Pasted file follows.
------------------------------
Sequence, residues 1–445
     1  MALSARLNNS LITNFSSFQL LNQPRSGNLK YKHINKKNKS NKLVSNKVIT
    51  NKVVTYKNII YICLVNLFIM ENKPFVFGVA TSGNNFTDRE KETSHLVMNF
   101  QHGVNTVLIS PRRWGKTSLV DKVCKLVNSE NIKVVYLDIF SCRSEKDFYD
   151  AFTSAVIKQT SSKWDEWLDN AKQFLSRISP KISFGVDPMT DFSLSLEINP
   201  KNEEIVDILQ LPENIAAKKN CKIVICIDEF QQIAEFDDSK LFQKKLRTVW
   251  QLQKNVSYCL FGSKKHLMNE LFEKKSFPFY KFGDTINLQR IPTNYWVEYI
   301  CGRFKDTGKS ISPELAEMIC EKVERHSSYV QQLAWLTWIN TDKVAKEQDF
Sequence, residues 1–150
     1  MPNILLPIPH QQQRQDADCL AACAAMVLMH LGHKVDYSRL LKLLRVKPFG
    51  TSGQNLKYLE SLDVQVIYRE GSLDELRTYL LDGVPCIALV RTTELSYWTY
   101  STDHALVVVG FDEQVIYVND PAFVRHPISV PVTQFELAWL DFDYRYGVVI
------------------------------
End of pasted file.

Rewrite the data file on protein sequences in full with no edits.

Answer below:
Sequence, residues 1–445
     1  MALSARLNNS LITNFSSFQL LNQPRSGNLK YKHINKKNKS NKLVSNKVIT
    51  NKVVTYKNII YICLVNLFIM ENKPFVFGVA TSGNNFTDRE KETSHLVMNF
   101  QHGVNTVLIS PRRWGKTSLV DKVCKLVNSE NIKVVYLDIF SCRSEKDFYD
   151  AFTSAVIKQT SSKWDEWLDN AKQFLSRISP KISFGVDPMT DFSLSLEINP
   201  KNEEIVDILQ LPENIAAKKN CKIVICIDEF QQIAEFDDSK LFQKKLRTVW
   251  QLQKNVSYCL FGSKKHLMNE LFEKKSFPFY KFGDTINLQR IPTNYWVEYI
   301  CGRFKDTGKS ISPELAEMIC EKVERHSSYV QQLAWLTWIN TDKVAKEQDF
Sequence, residues 1–150
     1  MPNILLPIPH QQQRQDADCL AACAAMVLMH LGHKVDYSRL LKLLRVKPFG
    51  TSGQNLKYLE SLDVQVIYRE GSLDELRTYL LDGVPCIALV RTTELSYWTY
   101  STDHALVVVG FDEQVIYVND PAFVRHPISV PVTQFELAWL DFDYRYGVVI